1933 Worch Cigar Lou Gehrig (PSA 1) – "Name & Team in Box"
One of the most obscure 1930's issues are postcard sized 3-7/16" x 5-7/16" artifacts that featured black & white photos appearing in the Minneapolis Star and St. Paul Dispatch newspapers. Utilized as promotion cards for the Worch Cigar Company of St. Paul, Minnesota, these ultra-scarce 1933 stylish subjects are commonly referred to as "Worch Cigar", and carry no such advertisement relating to that respective company on either side of the card. As is the case with a majority of the 1930's cardboard issues, one of the top two players in the set is the immortal Lou Gehrig (Babe Ruth being the other), with his superb 1933 Worch Cigar card presented here in a PSA 1 holder. Its irrefutable obscurity is justified by the PSA "Pop" chart only listing a mere fifteen encapsulated copies.
Furthermore, this offering reveals the scarcer "Gehrig name & team" in box, with PSA's & SGC's census reports unfortunately not listing an accurate split of the two versions (only recently did PSA begin differentiating between the two versions). A countless number of enthusiasts search for Lou Gehrig's most eclectic cardboard mementos and why not? Above everything else, Lou Gehrig was the supreme model of courage. Tragically, his incredible career was cut short by the deadly "ALS" disease (now more commonly known as Lou Gehrig's disease) which took his life at the young age of 37. Yet, with all of his "on the field" slugging accomplishments, he will always be best remembered for his staggering 2,130 consecutive game streak. Furthermore, his incomparable farewell "Luckiest man on the face of the earth" speech will forever be our National Pastime's Gettysburg Address.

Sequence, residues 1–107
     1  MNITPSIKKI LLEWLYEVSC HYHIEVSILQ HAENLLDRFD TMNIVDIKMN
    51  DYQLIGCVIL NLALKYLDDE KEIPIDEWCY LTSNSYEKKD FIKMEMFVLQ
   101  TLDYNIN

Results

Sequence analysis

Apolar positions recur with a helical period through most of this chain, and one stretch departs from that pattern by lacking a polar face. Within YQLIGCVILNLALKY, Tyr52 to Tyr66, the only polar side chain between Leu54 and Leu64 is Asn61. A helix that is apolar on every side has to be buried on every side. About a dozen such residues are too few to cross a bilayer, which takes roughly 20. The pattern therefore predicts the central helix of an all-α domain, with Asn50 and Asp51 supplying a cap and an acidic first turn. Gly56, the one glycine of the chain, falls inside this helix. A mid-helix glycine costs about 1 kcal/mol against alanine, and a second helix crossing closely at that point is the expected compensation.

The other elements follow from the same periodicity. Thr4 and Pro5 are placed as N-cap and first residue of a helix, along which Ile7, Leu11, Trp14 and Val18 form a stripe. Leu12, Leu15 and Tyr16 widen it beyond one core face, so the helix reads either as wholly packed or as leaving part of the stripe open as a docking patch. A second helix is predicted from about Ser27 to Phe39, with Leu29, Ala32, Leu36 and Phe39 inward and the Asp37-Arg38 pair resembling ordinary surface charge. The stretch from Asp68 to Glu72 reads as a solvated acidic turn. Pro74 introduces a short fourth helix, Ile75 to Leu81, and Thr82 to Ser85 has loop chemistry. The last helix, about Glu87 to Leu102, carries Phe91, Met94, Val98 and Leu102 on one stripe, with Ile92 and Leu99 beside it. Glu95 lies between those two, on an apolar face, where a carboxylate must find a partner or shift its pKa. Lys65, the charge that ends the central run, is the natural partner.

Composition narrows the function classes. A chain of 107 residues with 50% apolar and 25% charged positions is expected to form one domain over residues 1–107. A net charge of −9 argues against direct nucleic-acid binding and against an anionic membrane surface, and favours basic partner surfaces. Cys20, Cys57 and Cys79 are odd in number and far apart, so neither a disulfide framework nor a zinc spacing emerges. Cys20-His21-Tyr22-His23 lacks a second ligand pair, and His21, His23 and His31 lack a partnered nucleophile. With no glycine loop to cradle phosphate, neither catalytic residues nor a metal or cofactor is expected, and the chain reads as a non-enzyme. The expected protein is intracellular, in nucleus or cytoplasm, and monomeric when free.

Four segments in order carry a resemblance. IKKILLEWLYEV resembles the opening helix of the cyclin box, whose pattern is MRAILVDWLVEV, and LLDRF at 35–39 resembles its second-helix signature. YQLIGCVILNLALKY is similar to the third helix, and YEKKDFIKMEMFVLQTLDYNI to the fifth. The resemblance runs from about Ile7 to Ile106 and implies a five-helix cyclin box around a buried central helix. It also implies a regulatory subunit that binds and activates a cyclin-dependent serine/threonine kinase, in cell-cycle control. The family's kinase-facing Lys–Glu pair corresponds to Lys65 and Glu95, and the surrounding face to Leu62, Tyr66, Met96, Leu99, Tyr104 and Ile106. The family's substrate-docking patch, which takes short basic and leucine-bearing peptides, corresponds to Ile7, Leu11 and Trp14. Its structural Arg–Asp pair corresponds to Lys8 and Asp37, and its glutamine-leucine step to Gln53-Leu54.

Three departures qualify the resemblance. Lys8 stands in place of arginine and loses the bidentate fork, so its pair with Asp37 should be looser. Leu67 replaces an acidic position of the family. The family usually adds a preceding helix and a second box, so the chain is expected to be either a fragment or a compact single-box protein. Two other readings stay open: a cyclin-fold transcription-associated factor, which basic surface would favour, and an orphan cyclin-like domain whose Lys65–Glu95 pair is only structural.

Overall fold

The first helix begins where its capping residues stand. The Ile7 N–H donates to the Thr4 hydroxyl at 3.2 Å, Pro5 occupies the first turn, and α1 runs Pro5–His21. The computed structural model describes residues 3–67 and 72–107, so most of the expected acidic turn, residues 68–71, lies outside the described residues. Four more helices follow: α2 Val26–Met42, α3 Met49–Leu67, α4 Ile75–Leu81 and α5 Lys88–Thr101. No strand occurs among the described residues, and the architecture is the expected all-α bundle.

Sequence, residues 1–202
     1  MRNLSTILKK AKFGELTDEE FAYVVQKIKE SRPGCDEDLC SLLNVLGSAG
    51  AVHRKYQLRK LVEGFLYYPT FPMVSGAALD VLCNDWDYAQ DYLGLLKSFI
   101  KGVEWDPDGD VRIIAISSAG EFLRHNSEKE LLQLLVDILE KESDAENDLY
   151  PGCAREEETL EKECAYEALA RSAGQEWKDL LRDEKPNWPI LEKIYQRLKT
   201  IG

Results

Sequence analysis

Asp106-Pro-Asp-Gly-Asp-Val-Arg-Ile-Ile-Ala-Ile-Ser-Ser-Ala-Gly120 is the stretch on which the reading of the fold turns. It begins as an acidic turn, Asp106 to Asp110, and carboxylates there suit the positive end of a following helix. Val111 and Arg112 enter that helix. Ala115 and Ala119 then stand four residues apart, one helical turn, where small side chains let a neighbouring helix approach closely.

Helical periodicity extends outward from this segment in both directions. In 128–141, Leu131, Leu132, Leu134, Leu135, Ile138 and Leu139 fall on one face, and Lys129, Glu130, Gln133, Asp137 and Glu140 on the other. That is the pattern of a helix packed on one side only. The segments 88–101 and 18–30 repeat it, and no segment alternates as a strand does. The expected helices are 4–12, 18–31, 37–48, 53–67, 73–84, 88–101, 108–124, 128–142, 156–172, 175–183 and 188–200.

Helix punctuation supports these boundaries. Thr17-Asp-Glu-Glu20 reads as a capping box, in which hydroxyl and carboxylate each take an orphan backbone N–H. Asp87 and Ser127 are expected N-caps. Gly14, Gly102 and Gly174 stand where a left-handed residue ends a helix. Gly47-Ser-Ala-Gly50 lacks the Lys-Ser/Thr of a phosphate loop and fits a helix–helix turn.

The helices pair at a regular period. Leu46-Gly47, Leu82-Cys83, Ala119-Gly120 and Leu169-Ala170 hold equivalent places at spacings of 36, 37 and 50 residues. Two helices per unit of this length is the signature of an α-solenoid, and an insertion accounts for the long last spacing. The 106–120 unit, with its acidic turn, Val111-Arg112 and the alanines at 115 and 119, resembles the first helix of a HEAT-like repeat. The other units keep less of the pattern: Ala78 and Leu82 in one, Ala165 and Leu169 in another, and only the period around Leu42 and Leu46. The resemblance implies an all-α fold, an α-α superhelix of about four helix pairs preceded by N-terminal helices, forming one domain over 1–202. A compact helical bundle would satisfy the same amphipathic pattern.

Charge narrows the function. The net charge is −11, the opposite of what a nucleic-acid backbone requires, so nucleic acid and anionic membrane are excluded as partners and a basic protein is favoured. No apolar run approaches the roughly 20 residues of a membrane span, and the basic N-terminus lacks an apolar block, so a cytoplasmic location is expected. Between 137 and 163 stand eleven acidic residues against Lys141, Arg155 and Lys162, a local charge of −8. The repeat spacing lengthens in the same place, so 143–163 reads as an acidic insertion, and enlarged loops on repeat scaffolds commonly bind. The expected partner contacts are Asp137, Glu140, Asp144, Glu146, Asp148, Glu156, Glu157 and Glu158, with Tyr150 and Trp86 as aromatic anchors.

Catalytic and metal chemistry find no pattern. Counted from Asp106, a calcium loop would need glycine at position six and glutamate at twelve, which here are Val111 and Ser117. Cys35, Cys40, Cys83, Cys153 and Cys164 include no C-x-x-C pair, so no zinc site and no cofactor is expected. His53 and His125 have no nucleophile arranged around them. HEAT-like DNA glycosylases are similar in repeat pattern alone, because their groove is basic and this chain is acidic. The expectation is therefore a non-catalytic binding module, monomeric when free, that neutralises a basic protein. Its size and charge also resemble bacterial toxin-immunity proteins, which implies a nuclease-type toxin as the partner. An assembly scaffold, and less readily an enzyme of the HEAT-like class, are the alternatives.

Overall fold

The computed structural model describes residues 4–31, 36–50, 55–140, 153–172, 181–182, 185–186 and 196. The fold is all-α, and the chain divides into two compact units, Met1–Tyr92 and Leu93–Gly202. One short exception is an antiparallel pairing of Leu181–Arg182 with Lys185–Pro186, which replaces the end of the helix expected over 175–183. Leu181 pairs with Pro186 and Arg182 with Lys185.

Enticing the collector is a rare batting image of the "Iron Horse" as he completes his earth-shattering swing with the iconic #4 clearly visible on his jersey. Simply stated, Gehrig's classic batting image virtually "steals the show", with this esteemed memento surviving as one of the finest PSA 1 examples you will ever come across. Unquestionably revealing solid "VG+" aesthetics, only a peripheral 1/8" tear near the upper right border as well as some negligible surface abrasions on the reverse side account for the grade. Most important, the aforementioned stock tear is barely noticeable, with the stellar central image eye appeal dominating this buy-gone scarcity. In closing, most would agree that the incomparable Lou Gehrig was a passive hero, quietly going about his business that the mere mention of his name inspires a still tranquility amongst his vast following. No wonder a myriad of collectors pursue Gehrig's rarest cardboard keepsakes with only a handful more obscure than this Worch Cigar marvel that stands as a resounding testament to his unparalleled immortality!
MIN BID $500